Eric Davis: Abortion rights are under assault

Last week, a bare majority of the Supreme Court — five out of nine justices — refused to issue an injunction against a Texas statute making it illegal for physicians to perform an abortion if they detect cardiac activity in an embryo or fail to test for such activity. As Justice Sonia Sotomayor explained in her dissent, “This equates to a near-categorical ban on abortions beginning six weeks after a woman’s last menstrual period, before many women realize they are pregnant, and months before fetal viability.”

The Texas statute could be enjoined by another court, or by the Supreme Court in a later appeal. Meanwhile, another abortion case will be heard by the Supreme Court in November, this time with full briefing and oral argument, which did not happen in the Texas case. The November case involves a Mississippi law that prohibits almost all abortions after 15 weeks gestational age.

A panel of the Fifth Circuit Court of Appeals struck down the Mississippi statute, noting that, since Roe v. Wade, decided more than 48 years ago, “the Supreme Court’s abortion cases have established (and affirmed, and re-affirmed) a woman’s right to choose an abortion before viability. States may regulate abortion procedures prior to viability so long as they do not impose an undue burden on the woman’s right, but they may not ban abortions.”

In appealing the Fifth Circuit’s decision, Mississippi is asking the Supreme Court to reverse nearly five decades of its abortion jurisprudence. Mississippi’s brief states that Roe and Planned Parenthood of Southeastern Pennsylvania v. Casey (the 1992 case setting forth the “undue burden” standard) are “egregiously wrong,” “hopelessly unworkable,” “have inflicted profound damage,” and should be overruled. “Nothing but a full break from these cases can stem the harms they have caused.”

Last week’s decision, in which conservative Chief Justice John Roberts joined the three liberal justices and would have enjoined the Texas law, shows that there may now be a majority of Justices ready to overrule Roe and Casey. Clarence Thomas and Samuel Alito have argued that position in dissenting opinions for years. Neil Gorsuch, Brett Kavanaugh and Amy Coney Barrett have all written articles and made speeches implying that the Court’s normal practice of stare decisis, of adhering to precedent, should not apply when it comes to Roe and Casey.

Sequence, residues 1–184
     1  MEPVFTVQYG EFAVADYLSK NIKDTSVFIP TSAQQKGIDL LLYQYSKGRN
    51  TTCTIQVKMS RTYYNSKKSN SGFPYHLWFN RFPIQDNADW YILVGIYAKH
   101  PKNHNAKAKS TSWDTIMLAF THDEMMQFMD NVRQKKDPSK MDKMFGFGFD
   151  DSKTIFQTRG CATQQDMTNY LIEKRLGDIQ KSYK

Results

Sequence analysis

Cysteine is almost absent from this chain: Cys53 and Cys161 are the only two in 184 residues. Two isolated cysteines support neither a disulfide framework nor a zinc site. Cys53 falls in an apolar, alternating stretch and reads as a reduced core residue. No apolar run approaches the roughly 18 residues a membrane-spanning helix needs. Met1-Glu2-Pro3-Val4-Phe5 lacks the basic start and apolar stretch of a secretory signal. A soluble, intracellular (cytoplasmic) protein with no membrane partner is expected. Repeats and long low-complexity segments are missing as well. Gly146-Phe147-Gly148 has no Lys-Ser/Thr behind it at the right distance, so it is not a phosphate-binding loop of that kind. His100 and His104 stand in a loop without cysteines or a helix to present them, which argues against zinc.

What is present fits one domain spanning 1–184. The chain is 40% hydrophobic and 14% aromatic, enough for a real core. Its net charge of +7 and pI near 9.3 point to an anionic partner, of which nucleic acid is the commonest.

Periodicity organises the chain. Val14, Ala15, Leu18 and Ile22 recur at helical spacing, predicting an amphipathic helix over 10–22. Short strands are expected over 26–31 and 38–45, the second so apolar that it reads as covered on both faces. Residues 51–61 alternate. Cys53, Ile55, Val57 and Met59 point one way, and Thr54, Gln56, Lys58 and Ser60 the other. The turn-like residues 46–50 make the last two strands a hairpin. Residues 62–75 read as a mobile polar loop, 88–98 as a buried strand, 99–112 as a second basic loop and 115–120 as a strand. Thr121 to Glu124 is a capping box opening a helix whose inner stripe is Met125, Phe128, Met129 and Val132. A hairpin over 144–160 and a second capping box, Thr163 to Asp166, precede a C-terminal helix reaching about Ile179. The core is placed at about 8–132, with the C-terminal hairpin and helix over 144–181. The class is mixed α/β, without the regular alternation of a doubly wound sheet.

If Roe and Casey are overruled, or substantially limited, action on abortion policy will turn to state legislatures. Eleven states have already enacted so-called trigger laws that would prohibit nearly all abortions, without any further legislative action needed, should the Supreme Court overturn Roe. Lawyers at the Center for Reproductive Rights say legislatures in another 10 to 20 states could pass bills substantially restricting pre-viability abortions should the Supreme Court uphold Mississippi’s 15-week ban.

Legislatures in a few states could respond by further protecting abortion rights. Vermont will fall into this group, regardless of what the Supreme Court decides in the Mississippi case. When the Legislature returns in January, the House will take the final steps to put a proposed amendment to the Vermont Constitution on the November 2022 ballot. This amendment has already been passed twice by the Senate, and once by the House, in all instances by a substantial tripartisan majority.

The proposed “personal reproductive liberty” amendment reads: “That an individual’s right to personal reproductive autonomy is central to the liberty and dignity to determine one’s own life course and shall not be denied or infringed unless justified by a compelling State interest achieved by the least restrictive means.” Ratification of the amendment by the voters in November would make reproductive liberty one of the rights protected in the Vermont Constitution, and would allow the Vermont Legislature to enact policies consistent with that right, regardless of the course taken by the Supreme Court and other federal courts.

Eric L. Davis is professor emeritus of political science at Middlebury College.

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